Platform9’s governing vision is to enable hosting of open cloud control planes in the cloud itself. This enables efficient operations, single-pane-of-glass management of geographically separate compute resources and reduction of operational complexity on-premise while enabling clean (and separate) scaling of compute and control-plane physical infrastructure — all at low cost, via widely-accepted, open source standard APIs, and without lock-in. Platform9’s Managed OpenStack product first brought this vision to reality for enabling on-premise cloud deployments. With the addition of the Omni capability to Platform9’s Managed OpenStack offering, this concept has been further extended to hybrid cloud deployments.
Omni’s Advantages Over Other Hybrid Cloud Management Solutions
The most basic Omni enabled Platform9 hybrid cloud setups aggregate OpenStack compute nodes and public cloud (AWS, Azure, GCP) virtual machines and has these aggregations under management by hosted control planes. This provides the ‘single pane of glass,’ giving insight into and control over compute resources on multiple regions, by means of open, standard APIs.
Omni introduces the somewhat counterintuitive, but powerful idea that ‘hybrid clouds’ don’t necessarily need public and private regions to run a deeply-harmonized, common software stack. Operational harmony under a single, broadly-accepted, standard API may be perfectly sufficient for many use-cases.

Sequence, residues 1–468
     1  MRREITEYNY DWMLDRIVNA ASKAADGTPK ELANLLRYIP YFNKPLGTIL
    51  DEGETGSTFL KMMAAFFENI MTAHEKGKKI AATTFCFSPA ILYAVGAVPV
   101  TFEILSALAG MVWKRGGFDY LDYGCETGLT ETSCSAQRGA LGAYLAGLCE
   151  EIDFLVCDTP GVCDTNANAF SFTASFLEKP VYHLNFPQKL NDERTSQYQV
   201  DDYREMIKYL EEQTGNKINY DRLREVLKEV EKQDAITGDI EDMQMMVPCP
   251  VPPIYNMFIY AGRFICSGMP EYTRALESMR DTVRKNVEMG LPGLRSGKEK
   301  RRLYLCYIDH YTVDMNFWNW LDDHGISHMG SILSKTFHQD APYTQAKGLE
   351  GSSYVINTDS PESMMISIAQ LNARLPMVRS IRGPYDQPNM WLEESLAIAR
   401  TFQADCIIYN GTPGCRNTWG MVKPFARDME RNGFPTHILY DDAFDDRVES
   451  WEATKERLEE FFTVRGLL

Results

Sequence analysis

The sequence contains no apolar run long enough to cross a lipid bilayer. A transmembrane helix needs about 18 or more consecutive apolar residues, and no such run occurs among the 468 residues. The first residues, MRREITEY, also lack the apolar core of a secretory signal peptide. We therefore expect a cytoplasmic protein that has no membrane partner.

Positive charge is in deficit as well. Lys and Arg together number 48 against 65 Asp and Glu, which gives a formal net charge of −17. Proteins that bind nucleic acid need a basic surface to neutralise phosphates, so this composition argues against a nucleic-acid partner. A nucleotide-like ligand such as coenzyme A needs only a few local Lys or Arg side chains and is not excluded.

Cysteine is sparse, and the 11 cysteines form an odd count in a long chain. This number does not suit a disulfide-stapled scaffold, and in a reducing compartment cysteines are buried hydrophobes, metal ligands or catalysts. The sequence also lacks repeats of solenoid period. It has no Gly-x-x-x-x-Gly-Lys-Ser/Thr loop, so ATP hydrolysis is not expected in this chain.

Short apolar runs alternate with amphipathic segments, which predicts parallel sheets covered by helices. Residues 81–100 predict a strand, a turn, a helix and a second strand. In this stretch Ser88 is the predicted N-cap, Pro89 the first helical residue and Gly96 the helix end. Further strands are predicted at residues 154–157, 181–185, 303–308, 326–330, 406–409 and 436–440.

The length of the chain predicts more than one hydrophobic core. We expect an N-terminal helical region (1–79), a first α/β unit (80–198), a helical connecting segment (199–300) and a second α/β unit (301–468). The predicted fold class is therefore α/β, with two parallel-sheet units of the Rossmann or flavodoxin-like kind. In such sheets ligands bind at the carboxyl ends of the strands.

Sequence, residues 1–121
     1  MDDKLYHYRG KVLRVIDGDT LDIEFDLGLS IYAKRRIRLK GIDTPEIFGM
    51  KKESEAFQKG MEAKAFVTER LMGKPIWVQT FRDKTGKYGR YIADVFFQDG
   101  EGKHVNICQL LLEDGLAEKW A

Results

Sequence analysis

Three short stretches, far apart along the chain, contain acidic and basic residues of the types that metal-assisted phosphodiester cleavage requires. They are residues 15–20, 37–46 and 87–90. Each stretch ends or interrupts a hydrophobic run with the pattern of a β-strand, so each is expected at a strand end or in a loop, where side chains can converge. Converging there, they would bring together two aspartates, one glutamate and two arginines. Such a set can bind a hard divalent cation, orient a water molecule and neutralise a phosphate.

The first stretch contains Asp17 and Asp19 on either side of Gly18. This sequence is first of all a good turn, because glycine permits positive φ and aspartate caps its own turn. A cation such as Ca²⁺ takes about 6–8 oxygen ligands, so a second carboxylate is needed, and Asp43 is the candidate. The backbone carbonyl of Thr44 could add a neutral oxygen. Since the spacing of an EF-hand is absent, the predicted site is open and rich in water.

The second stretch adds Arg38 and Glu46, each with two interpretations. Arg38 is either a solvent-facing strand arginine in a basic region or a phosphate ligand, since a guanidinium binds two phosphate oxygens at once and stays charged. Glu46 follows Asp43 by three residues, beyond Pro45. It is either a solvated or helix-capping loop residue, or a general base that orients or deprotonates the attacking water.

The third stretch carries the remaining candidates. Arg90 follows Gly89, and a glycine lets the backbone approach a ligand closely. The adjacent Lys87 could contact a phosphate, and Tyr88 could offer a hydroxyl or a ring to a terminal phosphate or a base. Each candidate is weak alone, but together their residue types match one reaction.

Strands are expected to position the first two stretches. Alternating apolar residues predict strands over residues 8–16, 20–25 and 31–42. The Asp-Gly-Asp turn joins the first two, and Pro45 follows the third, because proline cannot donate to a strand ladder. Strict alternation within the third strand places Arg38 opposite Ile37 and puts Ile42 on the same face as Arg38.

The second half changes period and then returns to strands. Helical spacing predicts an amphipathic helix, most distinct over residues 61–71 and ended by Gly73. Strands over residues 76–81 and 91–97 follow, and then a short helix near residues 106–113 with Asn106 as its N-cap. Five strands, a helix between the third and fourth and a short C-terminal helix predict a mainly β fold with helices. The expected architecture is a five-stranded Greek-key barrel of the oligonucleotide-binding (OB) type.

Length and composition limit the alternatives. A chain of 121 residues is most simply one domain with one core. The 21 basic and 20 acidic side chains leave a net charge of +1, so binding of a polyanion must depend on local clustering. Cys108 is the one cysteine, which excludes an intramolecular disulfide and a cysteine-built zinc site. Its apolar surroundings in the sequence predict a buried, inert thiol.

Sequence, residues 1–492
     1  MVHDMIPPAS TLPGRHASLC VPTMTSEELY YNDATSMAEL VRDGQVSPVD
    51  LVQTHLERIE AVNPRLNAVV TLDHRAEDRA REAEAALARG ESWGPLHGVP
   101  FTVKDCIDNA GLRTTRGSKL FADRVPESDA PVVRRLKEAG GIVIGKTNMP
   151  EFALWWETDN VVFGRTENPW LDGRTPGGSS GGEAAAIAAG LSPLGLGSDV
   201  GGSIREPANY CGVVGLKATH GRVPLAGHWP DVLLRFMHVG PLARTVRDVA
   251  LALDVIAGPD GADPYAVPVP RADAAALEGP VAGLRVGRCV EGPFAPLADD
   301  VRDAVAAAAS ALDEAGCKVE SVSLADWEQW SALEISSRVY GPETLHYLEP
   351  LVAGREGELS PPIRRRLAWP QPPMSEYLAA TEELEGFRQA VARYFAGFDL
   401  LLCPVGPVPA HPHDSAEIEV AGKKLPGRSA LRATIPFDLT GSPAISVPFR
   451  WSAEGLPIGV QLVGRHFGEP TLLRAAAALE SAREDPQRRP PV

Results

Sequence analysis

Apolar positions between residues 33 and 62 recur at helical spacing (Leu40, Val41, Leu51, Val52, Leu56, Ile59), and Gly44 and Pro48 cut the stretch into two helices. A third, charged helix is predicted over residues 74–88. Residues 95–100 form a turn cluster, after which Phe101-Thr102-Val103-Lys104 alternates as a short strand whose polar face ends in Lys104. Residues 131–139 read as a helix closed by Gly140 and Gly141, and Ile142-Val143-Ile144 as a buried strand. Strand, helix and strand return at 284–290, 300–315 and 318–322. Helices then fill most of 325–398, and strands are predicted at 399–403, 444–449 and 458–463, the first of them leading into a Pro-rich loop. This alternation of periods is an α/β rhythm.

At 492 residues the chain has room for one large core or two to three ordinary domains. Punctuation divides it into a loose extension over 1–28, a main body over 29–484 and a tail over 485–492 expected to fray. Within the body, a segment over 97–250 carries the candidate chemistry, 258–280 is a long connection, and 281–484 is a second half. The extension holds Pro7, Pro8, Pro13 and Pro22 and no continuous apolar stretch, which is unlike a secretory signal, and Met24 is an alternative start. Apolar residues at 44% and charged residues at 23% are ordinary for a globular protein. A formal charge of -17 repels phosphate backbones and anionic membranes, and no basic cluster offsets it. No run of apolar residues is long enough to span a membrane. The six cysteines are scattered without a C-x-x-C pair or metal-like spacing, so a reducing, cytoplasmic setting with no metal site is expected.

Our approach to enabling a hybrid cloud management platform presents an alternative to existing Cloud Management Platform (CMP) solutions such as RightScale, Cliqr, Scalr, and CloudForms. These solutions create an entirely new, and sometimes even privately controlled, API that subsumes other clouds underneath it. This approach is not only associated with a learning curve for the administrator, but also requires the refresh of an entirety of the tooling ecosystem that is one of the largest enablers of cloud usage.
With Omni, for the first time, there is a way to use OpenStack on-premise AND manage workloads in the public clouds more easily. Administrators get a single pane of glass with the added benefits of unified multi-tenancy and public cloud quota management. Developers and dev-ops engineers get a single API that abstracts out all the underlying nitty gritty details of the different cloud providers they’re using. They get the choice to consume the right cloud platform that fits their organization’s business needs and strategy. They can continue leveraging their organization’s investments in tooling and automation around the rich OpenStack ecosystem – such as integrations with Packer, Fog, and Terraform – and use the same workflows to deploy to public and private clouds.
Could your enterprise benefit from Omni?
For enterprises looking to unify their private and public cloud workloads under a single open API that avoids vendor lock-in, Omni really is the best choice. To learn more, watch the Platform Omni demo from the OpenStack Summit, download the Omni drivers from GitHub, and try them out.
VIDEO: Hear from Amirsh Kapoor, VP of Engineering, on “OpenStack Omni: Extending OpenStack to Hybrid Clouds”